[Shyama Prasad] Mookerjee is regarded as one of the founding ideologues of the Bharatiya Janata Party (BJP) and was the founder of the BJP’s predecessor, the Bharatiya Jana Sangh. Like Ambedkar, Mookerjee’s inclusion in the Constituent Assembly and how it happened provides a window into the complex politics of the time and the disjuncture between Central and provincial politics.
Indeed, it might be noted that most accounts of the Constituent Assembly elide the backroom and provincial politics and focus only on the debates and drafting documents. There is fairly extensive correspondence among Congress leaders on the need to have Mookerjee in the assembly.
That story, however, needs to be taken back by a few months to the run-up to the 1946 elections. In October 1945, Vallabhbhai Patel wrote to Rajendra Prasad on the prospects of the Hindu Mahasabha and Mookerjee in particular in the elections:
I do not think that the Hindu Mahasabha can get any seat except in Bengal... My view is that except Shyamaprasad [Mookerjee] there is hardly any man whom we can accept and sacrifice our seat instead... If in an individual case we find that the Hindu Mahasabha has a 50% chance against the Congress we can settle with them and allow them that seat.
At around the same time, Nehru too was writing to Prasad about the electoral prospects of the Mahasabha, particularly in Uttar Pradesh:
There is practically no chance of a Hindu Sabha candidate winning against a Congress candidate... Both Pantji [GB Pant] and I feel therefore that it would be wrong policy and harmful for us to enter into pacts and arrangements with the Hindu Mahasabha. The most we might do is not oppose some outstanding personality like Dr Shyama Prasad Mookerji. There is no such outstanding person personality in the Hindu Mahasabha in the UP and the question does not arise here.
Earlier that year, when then Congress president Abul Kalam Azad had proposed a list of fifteen members for the Executive Council to aid the viceroy, Mookerjee’s name had figured along with Nehru, Patel, Prasad, Jinnah and Azad himself. Gandhi had then observed that the nomination of Mookerjee was both ‘necessary and graceful’.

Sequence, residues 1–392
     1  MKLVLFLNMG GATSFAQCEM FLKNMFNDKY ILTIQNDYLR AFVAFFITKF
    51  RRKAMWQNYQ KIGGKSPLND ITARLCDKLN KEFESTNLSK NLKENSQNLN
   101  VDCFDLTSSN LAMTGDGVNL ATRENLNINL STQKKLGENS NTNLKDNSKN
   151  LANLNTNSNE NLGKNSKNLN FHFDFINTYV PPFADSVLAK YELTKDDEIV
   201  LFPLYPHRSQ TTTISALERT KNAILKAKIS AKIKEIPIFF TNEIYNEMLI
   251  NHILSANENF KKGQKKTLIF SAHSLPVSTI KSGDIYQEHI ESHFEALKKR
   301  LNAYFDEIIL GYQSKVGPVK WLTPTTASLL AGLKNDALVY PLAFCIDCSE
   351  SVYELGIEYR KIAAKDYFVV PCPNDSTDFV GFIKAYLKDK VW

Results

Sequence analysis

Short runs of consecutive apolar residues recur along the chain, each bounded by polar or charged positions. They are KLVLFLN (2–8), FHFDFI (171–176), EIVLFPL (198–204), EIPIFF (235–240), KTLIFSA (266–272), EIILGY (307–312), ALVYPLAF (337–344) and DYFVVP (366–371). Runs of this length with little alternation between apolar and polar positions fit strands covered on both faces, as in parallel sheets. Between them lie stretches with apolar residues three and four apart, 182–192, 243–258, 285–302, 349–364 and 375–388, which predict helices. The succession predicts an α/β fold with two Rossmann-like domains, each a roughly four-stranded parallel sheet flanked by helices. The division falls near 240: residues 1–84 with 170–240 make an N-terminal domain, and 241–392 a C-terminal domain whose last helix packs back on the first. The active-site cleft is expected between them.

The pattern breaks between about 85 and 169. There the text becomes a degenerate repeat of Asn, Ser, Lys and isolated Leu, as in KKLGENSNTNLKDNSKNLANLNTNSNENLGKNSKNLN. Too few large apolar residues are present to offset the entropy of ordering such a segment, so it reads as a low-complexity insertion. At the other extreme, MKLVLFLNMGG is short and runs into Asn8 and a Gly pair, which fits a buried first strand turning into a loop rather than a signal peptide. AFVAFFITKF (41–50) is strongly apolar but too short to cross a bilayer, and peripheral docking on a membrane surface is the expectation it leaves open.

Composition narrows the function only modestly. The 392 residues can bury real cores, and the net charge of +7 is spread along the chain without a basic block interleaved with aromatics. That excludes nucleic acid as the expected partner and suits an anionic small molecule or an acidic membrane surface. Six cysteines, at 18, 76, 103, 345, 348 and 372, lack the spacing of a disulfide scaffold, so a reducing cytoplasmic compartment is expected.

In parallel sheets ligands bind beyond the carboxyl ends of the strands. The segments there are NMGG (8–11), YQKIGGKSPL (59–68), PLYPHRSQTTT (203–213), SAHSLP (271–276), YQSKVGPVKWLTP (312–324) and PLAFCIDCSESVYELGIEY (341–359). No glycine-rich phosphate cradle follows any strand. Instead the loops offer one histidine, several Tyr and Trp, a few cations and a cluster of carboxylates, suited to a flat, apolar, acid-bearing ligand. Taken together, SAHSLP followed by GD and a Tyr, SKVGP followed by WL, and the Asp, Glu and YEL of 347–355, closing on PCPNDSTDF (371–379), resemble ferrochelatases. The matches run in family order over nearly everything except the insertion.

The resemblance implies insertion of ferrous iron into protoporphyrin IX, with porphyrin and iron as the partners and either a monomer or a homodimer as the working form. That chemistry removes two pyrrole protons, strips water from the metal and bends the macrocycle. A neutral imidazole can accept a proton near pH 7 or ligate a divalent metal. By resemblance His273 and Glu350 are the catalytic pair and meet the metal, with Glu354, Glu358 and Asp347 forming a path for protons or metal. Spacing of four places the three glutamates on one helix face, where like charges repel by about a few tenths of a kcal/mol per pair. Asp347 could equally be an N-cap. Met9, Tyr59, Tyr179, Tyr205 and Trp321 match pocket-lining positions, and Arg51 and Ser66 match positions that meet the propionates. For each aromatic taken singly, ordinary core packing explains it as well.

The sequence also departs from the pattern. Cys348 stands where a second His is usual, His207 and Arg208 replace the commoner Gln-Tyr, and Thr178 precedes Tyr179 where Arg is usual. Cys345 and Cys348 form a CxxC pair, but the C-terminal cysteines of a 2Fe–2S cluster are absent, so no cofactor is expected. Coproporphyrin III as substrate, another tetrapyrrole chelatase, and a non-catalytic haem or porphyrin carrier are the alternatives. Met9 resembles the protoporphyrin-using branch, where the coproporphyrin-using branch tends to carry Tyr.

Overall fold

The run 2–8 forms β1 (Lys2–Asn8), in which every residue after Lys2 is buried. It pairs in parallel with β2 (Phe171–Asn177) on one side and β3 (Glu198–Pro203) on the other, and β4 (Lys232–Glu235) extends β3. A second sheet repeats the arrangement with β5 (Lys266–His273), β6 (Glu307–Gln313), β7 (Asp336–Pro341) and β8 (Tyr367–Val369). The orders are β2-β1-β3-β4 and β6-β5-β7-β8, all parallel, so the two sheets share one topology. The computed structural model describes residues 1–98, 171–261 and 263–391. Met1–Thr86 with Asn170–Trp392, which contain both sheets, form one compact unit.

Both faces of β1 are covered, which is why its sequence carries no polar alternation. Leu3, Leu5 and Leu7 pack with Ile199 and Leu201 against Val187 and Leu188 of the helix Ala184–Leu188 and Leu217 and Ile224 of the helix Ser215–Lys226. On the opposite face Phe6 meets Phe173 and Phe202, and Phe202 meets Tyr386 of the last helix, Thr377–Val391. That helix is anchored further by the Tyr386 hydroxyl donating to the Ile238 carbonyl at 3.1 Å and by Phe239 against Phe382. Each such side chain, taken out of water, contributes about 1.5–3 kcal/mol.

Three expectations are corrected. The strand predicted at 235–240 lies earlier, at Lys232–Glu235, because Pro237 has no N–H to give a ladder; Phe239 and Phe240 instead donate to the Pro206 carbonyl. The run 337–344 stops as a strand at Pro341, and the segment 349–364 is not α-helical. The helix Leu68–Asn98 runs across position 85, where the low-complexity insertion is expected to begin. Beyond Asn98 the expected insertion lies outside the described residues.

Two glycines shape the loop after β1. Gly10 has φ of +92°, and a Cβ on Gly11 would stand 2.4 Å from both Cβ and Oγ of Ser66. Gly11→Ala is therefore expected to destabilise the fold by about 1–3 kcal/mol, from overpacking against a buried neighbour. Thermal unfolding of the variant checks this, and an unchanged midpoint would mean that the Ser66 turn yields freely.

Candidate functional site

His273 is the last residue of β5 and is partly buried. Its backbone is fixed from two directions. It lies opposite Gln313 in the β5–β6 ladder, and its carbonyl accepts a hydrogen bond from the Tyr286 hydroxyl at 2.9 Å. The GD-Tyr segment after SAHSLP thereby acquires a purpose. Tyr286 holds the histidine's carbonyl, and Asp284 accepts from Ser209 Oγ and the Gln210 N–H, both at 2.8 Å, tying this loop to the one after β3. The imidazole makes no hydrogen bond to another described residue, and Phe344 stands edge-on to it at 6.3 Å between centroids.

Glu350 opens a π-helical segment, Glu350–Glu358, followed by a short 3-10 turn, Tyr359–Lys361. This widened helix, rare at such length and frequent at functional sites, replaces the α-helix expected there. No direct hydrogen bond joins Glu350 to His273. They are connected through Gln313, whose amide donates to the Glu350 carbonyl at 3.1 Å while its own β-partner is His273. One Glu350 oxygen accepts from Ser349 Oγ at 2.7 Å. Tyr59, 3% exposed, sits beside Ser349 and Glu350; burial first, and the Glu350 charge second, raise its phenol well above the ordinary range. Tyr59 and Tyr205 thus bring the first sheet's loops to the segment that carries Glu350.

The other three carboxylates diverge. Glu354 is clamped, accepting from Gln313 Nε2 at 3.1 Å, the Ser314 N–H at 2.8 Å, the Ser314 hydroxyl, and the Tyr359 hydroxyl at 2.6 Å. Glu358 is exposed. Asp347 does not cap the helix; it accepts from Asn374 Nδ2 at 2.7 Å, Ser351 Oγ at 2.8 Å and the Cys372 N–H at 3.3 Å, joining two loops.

When elections were held, the Mahasabha won only 2.7 per cent of the Hindu vote in Bengal and lost the three seats it had won in the 1937 elections. However, Mookerjee was elected unopposed from the Calcutta University constituency.
Mookerjee’s induction into the Constituent Assembly, however, was not without controversy. It also showed up the internal politics within the Congress and divergence of opinion between the party’s Central and provincial leadership. Since Mookerjee had been appointed the minister of industry and supplies in independent India’s first Union cabinet on 15 August 1947, it was imperative that he get elected to the Constituent Assembly within six months.
On 15 December 1947, Prasad, who was then the president of the Congress and also the president of the Constituent Assembly, wrote to Nehru that there were at least four ministers, including Mookerjee, Azad, KC Neogy and CH Bhabha, who were not yet members of the assembly.
On 6 January 1948, Prasad wrote to Bidhan Chandra Roy, the Congress prime minister (the term chief minister had not yet come into use) of Bengal, requesting him to ensure that Mookerjee got elected to the Constituent Assembly by 14 February. Prasad added that if there were no vacancies among the members from Bengal, one would have to be created. The same day Prasad sent an identical letter to Surendra Mohan Ghosh, the president of the Bengal Provincial Congress Committee.
On 10 February, Roy wrote to Prasad on the composition of the Bengal ministry where in a postscript he said Mookerjee would be elected to the assembly by 14 February. But he also added that Mookerjee was being elected in place of an SC member, which had ‘annoyed’ the SC inhabitants in the state.